Blue-green algae challenges
During the “Ask the Experts” portion, the audience was invited to ask the attending experts questions.
One question from the audience was about the growth of blue-green algae blooms.
Biologist Carmen Pereira of Zygoptera Consulting said there have been first-time sightings of blue-green algae in Haliburton County lakes and this is attributed to rising temperatures caused by climate change.
“When it comes to blooms a lot of these blooms are lake particular and a lot of research we have on blooms particularly are from eutrophic lakes. What I mean by eutrophic is high nutrient. The lakes we have here in Haliburton are oliogotrophic. They’re low nutrient lakes. So, we don’t normally see a blue-green algae bloom in these lakes, but incidences are increasing,” she said.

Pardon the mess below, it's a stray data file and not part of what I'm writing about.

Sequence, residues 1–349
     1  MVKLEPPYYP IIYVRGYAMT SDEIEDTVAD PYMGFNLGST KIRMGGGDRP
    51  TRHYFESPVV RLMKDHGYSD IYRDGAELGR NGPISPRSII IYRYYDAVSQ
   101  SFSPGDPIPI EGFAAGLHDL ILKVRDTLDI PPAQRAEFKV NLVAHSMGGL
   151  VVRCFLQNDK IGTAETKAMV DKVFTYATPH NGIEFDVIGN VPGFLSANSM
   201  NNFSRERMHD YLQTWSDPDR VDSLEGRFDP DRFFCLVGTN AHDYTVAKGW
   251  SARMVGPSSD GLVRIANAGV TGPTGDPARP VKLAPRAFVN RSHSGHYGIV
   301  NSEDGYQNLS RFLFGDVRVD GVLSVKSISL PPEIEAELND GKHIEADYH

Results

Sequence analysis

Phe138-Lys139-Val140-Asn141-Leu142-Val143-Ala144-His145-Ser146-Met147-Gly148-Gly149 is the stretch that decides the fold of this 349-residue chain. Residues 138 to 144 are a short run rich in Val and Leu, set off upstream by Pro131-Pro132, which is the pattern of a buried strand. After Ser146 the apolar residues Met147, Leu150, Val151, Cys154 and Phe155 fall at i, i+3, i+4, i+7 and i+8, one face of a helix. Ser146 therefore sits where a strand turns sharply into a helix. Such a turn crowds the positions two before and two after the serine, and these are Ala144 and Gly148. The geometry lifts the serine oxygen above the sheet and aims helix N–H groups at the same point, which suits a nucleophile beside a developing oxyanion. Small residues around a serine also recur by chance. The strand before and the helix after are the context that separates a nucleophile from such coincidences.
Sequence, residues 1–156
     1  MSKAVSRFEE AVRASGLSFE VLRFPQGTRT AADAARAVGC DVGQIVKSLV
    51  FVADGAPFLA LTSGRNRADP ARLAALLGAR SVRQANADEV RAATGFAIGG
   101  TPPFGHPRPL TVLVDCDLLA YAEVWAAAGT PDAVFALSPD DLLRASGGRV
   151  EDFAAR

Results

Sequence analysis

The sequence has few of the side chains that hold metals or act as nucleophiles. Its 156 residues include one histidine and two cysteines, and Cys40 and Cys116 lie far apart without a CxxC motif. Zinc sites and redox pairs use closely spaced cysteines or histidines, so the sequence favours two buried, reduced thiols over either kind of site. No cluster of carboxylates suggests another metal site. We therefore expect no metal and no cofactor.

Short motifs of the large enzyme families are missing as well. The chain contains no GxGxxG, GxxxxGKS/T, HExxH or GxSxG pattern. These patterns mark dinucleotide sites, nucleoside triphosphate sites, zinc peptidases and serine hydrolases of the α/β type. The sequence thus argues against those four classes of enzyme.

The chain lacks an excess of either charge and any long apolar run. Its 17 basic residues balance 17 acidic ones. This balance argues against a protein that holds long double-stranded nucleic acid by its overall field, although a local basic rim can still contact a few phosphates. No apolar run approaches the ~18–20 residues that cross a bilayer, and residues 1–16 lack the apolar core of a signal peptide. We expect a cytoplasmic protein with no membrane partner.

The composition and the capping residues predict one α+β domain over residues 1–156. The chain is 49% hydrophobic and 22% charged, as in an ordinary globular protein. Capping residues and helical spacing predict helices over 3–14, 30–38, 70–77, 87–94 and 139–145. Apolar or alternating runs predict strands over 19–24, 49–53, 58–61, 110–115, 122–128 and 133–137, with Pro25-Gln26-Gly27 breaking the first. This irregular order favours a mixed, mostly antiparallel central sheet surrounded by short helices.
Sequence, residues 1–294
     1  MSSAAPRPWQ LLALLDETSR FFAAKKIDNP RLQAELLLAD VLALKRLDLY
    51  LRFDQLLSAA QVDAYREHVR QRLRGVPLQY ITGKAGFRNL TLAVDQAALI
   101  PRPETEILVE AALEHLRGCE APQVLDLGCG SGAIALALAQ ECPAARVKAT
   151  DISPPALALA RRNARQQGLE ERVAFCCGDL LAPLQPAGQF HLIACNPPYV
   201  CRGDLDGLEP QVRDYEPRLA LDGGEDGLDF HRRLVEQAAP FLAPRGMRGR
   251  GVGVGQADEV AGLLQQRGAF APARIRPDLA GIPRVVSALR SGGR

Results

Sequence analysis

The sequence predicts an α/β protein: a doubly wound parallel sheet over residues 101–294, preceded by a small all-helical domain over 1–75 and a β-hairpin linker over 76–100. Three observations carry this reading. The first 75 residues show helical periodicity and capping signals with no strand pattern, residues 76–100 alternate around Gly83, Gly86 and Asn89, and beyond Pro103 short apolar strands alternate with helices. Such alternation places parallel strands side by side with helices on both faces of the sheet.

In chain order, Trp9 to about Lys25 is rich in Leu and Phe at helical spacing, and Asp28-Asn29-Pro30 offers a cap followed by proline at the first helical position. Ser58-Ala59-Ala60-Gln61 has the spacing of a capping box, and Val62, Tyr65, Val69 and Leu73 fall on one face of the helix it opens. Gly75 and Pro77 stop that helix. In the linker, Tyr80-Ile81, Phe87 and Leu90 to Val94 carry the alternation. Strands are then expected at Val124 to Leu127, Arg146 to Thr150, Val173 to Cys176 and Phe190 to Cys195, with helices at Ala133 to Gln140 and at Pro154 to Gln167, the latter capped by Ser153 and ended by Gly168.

She cited Three Mile Lake as a well-known example.
Norman Yan, an expert of lake health research and past chairman of the Friends of the Muskoka Watershed with 25 years of working for the Ministry of the Environment, added to the discussion saying that bloom growth isn’t only attributed to high phosphorus levels, but also other contributors such as how the drop in average wind speeds and how blue-green algae can move to different levels of the water to find nutrients to feed from are now being considered.
MacInnes said last year was a record year for blue-green algae blooms with 11 reported in Haliburton County. Many of which had never seen a bloom before, he said.